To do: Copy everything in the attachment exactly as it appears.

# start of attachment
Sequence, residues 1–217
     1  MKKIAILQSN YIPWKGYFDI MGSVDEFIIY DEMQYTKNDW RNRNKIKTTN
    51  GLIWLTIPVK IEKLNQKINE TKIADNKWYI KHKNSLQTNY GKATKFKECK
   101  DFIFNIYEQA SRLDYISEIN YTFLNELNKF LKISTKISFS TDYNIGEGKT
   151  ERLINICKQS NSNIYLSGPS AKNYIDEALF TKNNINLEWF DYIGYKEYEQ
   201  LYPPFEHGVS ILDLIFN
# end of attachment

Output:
Sequence, residues 1–217
     1  MKKIAILQSN YIPWKGYFDI MGSVDEFIIY DEMQYTKNDW RNRNKIKTTN
    51  GLIWLTIPVK IEKLNQKINE TKIADNKWYI KHKNSLQTNY GKATKFKECK
   101  DFIFNIYEQA SRLDYISEIN YTFLNELNKF LKISTKISFS TDYNIGEGKT
   151  ERLINICKQS NSNIYLSGPS AKNYIDEALF TKNNINLEWF DYIGYKEYEQ
   201  LYPPFEHGVS ILDLIFN